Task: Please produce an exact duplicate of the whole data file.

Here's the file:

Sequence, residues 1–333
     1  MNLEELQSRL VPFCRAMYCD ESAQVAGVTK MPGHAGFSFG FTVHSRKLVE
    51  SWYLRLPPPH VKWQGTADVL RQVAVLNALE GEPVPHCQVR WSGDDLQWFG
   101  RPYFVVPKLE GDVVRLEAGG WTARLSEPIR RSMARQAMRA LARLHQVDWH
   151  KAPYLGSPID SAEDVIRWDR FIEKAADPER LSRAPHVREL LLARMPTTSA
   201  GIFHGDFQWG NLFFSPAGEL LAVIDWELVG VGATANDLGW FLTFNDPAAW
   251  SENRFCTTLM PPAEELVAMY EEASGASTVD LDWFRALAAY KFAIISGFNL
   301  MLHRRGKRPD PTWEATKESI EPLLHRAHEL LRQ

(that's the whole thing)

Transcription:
Sequence, residues 1–333
     1  MNLEELQSRL VPFCRAMYCD ESAQVAGVTK MPGHAGFSFG FTVHSRKLVE
    51  SWYLRLPPPH VKWQGTADVL RQVAVLNALE GEPVPHCQVR WSGDDLQWFG
   101  RPYFVVPKLE GDVVRLEAGG WTARLSEPIR RSMARQAMRA LARLHQVDWH
   151  KAPYLGSPID SAEDVIRWDR FIEKAADPER LSRAPHVREL LLARMPTTSA
   201  GIFHGDFQWG NLFFSPAGEL LAVIDWELVG VGATANDLGW FLTFNDPAAW
   251  SENRFCTTLM PPAEELVAMY EEASGASTVD LDWFRALAAY KFAIISGFNL
   301  MLHRRGKRPD PTWEATKESI EPLLHRAHEL LRQ